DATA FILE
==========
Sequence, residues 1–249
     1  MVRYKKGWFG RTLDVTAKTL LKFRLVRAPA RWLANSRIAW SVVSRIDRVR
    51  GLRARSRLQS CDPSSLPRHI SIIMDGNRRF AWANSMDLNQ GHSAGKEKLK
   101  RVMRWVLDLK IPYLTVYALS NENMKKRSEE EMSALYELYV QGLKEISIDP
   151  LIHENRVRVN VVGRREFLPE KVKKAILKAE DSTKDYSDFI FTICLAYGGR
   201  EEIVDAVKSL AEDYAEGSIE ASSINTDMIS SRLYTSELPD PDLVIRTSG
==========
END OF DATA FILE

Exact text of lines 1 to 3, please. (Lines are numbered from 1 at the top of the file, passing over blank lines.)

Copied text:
Sequence, residues 1–249
     1  MVRYKKGWFG RTLDVTAKTL LKFRLVRAPA RWLANSRIAW SVVSRIDRVR
    51  GLRARSRLQS CDPSSLPRHI SIIMDGNRRF AWANSMDLNQ GHSAGKEKLK